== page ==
The Rua das Pedras is a pedestrians-only thoroughfare of extremely irregular paving stones — hence the name — fairly dead during the day when the locals are working and the tourists are at the beach but lively bordering on the frenetic in the evening when the beaches hold no allure and people on vacation are looking for a good time. Most bars, restaurants and stores on the Rua das Pedras don’t even open in the afternoon, let alone the morning. They tend to open around six or seven and then stay open, the stores included, well into the wee small hours or, as they say here in Brazil, until the último freguês — in other words, until the last customer is ready to call it quits.
|Getting crowded . . . time to go home!|
So what happened? To simplify, two things. One, Brazil got rich. Or at least a middle class popped up virtually overnight, and people who used to scramble to make ends meet at the end of the month all of a sudden had money to spend on pleasures. Two, thanks to the glamorization of Búzios in a prime-time soap opera, thanks to the press and the town’s own promotional efforts, Búzios came to be the place people thought of first when arranging their once-in-a-lifetime vacation.
The Rua das Pedras got kind of dumbed down. The unique Rua das Pedras institutions — the crazy Takatakatá Bar (run by an even crazier Dutchman), the Czech adventuress Brigitta’s tropical chic restaurant, the old Pousada Colonial with its restaurant serving excellent homemade German sausages — have all disappeared. The brand-name chain stores came in in their place. A few of the old-line places, like Sonia Persiani’s Cigalon restaurant held on stubbornly, but increasingly the commerce on the Rua das Pedras was hard to distinguish from what is encountered in a Rio or São Paulo shopping mall. As for the serendipitous and usually extremely agreeable encounters with neighbors or friends, well, our neighbors and friends aren’t going down there in the evening any more than we are. And, to the extent that any of us are still going down that way, we’re not running into them. We’re all lost in the crowd.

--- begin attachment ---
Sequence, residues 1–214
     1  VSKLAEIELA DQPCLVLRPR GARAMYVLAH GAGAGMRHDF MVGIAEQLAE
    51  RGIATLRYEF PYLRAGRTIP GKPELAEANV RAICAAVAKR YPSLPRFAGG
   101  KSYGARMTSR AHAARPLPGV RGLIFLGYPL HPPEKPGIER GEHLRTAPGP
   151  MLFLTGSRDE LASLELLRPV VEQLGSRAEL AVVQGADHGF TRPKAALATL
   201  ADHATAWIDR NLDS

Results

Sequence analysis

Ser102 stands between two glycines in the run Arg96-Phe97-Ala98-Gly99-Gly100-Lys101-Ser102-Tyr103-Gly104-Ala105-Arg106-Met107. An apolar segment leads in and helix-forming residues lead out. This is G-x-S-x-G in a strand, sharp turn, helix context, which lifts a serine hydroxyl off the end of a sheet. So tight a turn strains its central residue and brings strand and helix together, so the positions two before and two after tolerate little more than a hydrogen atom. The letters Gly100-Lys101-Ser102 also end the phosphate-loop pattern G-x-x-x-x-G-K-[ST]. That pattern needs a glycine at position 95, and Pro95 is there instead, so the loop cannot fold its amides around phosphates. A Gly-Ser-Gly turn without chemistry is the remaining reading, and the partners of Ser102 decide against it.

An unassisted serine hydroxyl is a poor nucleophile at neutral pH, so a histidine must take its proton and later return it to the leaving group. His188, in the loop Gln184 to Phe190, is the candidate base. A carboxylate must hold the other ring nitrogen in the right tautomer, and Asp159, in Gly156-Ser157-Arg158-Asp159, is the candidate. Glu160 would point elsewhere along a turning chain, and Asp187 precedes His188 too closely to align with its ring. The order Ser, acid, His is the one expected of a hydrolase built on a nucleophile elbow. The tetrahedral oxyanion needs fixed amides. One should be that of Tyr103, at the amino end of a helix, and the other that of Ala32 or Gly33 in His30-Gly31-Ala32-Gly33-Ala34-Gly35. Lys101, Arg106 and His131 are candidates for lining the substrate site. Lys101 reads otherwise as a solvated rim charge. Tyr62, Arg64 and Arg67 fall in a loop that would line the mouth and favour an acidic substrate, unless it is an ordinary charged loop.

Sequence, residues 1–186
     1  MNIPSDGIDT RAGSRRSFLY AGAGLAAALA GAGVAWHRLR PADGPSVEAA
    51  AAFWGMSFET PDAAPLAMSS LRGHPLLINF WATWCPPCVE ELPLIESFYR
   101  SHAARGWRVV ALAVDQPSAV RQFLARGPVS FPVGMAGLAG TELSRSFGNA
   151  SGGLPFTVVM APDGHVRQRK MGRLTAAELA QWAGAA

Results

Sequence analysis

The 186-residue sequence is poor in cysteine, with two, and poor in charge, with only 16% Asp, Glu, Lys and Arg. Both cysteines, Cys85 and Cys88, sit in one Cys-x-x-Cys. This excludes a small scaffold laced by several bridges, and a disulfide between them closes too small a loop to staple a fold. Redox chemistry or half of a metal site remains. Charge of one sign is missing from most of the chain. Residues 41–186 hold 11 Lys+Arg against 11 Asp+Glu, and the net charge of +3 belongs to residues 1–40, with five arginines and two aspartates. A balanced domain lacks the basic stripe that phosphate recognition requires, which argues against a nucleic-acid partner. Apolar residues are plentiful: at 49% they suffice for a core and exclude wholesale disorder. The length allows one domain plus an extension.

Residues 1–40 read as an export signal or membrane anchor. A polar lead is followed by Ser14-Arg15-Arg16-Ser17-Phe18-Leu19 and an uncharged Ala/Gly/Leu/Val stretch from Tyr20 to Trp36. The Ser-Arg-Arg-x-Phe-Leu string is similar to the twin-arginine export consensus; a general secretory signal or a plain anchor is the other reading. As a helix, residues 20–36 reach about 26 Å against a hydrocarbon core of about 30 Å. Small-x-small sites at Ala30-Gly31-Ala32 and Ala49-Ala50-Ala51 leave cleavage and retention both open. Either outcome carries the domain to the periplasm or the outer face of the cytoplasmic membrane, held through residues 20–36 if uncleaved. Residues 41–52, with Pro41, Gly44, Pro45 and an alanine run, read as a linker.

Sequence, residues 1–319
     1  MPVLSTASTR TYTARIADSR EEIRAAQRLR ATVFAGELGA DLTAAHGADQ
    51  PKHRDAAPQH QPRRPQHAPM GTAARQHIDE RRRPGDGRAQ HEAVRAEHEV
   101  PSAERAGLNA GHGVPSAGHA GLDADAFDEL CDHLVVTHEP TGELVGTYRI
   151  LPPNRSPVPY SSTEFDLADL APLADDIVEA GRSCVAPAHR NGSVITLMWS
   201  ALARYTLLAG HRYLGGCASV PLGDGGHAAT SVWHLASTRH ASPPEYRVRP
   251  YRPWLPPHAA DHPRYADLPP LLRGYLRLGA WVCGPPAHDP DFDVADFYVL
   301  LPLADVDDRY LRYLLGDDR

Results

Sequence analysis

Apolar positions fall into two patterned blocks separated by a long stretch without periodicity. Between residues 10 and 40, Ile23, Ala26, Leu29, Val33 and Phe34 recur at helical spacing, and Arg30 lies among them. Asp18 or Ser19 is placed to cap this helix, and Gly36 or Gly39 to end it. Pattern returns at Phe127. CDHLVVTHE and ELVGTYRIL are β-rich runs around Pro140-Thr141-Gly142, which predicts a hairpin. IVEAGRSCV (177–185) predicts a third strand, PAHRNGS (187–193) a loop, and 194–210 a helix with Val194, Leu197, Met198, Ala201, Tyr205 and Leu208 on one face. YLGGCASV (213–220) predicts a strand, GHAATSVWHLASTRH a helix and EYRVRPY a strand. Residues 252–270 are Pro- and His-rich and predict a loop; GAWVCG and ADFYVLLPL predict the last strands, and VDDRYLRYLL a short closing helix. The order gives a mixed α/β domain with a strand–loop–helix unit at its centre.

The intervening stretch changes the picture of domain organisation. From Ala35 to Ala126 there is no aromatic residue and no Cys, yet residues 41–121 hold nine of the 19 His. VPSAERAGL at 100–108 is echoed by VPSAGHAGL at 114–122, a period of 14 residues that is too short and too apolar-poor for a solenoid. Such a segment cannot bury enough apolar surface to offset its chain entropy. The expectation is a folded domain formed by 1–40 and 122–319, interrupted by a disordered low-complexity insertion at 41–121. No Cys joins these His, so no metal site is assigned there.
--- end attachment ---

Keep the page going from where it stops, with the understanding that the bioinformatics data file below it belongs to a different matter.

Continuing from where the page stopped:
The old Takatakatá Bar, with its papered-over windows, the better to hide what went on inside!
Brigitta’s Guest House and Restaurant, once a Búzios institution
Fortunately, other places to go in the evening have come into existence and one of them, the Porto da Barra, is no more than a ten-minute walk from our house. But it’s actually not just Búzios that has been through a sea change these past 12 years. Mark and I have also changed. We can’t handle those three-caipirinha evenings anymore. Don’t sleep well. So even if the Rua das Pedras had not changed one iota, we would probably still have given up our nightly strolls to stay snug at home, re-watching old Hitchcock movies.